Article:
It was getting toward dusk when he returned. Backtracking, we found a game trail that led us up a rise into a vast expanse of grama grass. “See that white speck out there?” Berman said, pointing. “That’s my truck.”

I squinted. “We’re miles from where we went in.”

“I know,” he said. “If you’re really tired, just head on back. I wanna make a bigger circle.”

This was another of his wilderness predilections, making big circles. As we headed off in our respective directions, I thought of the Tibetans circling Mount Kailash and the walkabouts of the Australian aborigines. Circumambulation has been an act of human reverence for millennia. Something like that was also informing our wanderings here. Just doing it, I was beginning to think, was the most important thing. My exhaustion made me feel permeable to the world.

The next morning, Berman wanted to move again. We headed back to Beaverhead. At the trailhead he wandered over to a Forest Service bulletin board. “Look at this,” he said, pointing to a map. “It shows where the Mexican gray wolves have been congregating.”

I leaned in to study it.

“When the wolves were released, they were tagged with transponders, so their locations could be pinpointed. They still track ’em, but they don’t publish the information anymore, probably because too many people were using it to find ’em and kill ’em. The map shows where they were gathering before they stopped doing that.”

On the map, the transponders were represented by black boxes scattered throughout the areas we’d been traversing. Most were located at Black Mountain in the vicinity of Christie Creek. A chill ran down my spine.

“That beautiful lullaby,” I said.

He nodded.

“We were right in the middle of ’em.”

“Yeah.”

“If you’re telling me that people used this information to find and kill the wolves, I’m sick.”

“They’re still killing ’em,” Berman said. “That’s what they do.”

He was right. Illegal shootings are the single greatest source of wolf mortality in the reintroduced population. Between the program’s inception in 1998 and June 2009, 31 of 68 deaths were attributed to guns.

“So I guess it’s naïve to expect that all the publicity about wolves being vital to the ecology here would have a dampening effect on them.”

Berman shrugged. “At the deepest level, it’s fear run amuck. Like the shark slaughter that’s been going on since Jaws.” He gestured at the surrounding woods. Fear of that was what he meant –– its wildness, its unpredictable danger. Its mystery. That terror magnified out of all proportion. Leading to a need for obliteration.

As we approached the Gila’s East Fork, our brush with contemporary wilderness reality took another disturbing turn. After leaving the main road, we came to a place where a sign said “No Turnaround Beyond This Point.”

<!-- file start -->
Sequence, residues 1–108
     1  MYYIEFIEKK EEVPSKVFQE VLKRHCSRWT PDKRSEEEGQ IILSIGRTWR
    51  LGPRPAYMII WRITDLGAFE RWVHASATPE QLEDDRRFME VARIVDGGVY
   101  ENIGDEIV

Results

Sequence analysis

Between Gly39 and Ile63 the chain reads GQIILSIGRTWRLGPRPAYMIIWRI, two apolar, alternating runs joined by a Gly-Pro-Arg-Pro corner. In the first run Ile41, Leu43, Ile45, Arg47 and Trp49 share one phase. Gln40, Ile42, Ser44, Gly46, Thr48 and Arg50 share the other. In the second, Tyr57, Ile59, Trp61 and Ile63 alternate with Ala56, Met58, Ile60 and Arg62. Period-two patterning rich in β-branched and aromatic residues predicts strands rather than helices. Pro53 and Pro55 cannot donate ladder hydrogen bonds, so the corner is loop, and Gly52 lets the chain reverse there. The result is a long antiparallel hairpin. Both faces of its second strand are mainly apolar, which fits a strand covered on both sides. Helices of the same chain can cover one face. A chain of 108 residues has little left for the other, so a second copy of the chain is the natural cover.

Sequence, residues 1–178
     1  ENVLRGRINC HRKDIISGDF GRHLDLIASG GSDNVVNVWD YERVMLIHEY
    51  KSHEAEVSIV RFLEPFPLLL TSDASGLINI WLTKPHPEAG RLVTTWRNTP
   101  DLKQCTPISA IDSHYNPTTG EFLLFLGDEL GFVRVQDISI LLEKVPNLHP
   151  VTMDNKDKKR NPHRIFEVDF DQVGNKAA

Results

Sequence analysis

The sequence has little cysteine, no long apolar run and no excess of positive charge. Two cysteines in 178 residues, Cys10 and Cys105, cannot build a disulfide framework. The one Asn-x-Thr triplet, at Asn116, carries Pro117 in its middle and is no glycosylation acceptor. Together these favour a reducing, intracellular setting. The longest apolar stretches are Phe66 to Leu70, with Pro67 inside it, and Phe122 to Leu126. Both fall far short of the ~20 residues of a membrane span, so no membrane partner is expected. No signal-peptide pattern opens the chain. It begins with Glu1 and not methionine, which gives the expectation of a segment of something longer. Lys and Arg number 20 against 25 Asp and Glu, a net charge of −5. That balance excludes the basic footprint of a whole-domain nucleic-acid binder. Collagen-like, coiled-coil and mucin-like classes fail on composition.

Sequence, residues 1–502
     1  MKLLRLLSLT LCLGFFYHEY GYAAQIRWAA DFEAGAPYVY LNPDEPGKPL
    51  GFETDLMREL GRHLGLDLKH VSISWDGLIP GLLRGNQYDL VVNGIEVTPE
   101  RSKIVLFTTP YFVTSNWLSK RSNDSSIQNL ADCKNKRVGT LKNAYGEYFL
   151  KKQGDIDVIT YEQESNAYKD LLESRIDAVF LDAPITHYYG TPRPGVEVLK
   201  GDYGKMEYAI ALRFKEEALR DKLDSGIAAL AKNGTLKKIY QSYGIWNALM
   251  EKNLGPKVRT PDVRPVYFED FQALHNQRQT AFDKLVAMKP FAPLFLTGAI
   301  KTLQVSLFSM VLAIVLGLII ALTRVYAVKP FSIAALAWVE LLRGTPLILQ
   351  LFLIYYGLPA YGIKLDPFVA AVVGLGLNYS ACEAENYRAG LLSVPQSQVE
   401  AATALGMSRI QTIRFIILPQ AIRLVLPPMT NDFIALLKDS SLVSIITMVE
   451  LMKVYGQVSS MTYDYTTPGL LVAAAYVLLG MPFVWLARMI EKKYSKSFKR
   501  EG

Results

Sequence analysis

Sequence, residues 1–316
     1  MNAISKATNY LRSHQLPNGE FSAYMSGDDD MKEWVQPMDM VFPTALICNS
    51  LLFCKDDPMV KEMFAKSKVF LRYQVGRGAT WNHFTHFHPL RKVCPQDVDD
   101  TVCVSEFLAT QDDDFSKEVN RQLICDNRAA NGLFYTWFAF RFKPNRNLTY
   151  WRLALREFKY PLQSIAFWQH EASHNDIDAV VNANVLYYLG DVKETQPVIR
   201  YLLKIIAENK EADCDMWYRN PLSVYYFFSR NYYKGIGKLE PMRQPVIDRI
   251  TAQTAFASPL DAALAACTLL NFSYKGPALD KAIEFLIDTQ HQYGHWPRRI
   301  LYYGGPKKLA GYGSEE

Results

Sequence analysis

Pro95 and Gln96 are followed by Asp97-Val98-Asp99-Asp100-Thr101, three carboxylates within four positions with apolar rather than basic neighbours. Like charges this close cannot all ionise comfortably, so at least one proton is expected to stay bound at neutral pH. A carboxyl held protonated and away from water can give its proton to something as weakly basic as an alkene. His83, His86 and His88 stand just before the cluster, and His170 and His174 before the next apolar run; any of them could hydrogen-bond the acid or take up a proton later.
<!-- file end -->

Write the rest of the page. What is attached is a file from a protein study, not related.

“That sign is new,” Berman said. “And it doesn’t make sense, because there’s a place to park below. Probably, the guy who lives down there complained about visitors so much that the Forest Service finally put it up just to quiet him down.”

He told me how this stretch of river was contested during the Diamond Bar Ranch grazing brouhaha of the 1990s. The main ranch is only 400 acres, but it gets the use of a 145,000-acre federal grazing allotment, the largest in the state. To keep the cattle out on the range, owner Kit Laney wanted to bulldoze stock tanks all across the allotment. Environmentalists sued, and finally stopped the plan in 2004. Laney threatened a rancher revolt. “Essentially, they feel that privileging habitat over resource use is insane,” Berman said.

“Even though it’s public land,” I said.

“It’s a hell realm, for sure,” he said. “Those same ranchers are the ones who are furious about the wolf release program.”

Of course they are, I thought –– because they had to work so hard to exterminate them in the first place.

At the road’s end, we pulled up next to a third vehicle that was already there. A stretch of barbed wire fence marked the end of public land and the beginning of someone’s ranch. “KEEP OUT!!! said a sign with awkward scrawl straight out of Lil’ Abner.

At the fence’s edge, I peered down, expecting to see some sort of hardscrabble ranchette. But the scene was idyllic. At a dramatic bend in the river, an elegant main house sat amid several smaller dwellings beneath towering willows. Manicured lawns covered the grounds between them.

“For a long time, this property belonged to a private school that used it for retreats,” Berman said. “That ‘Keep Out’ sign wasn’t there when the school owned the place. It went up after the property changed hands.”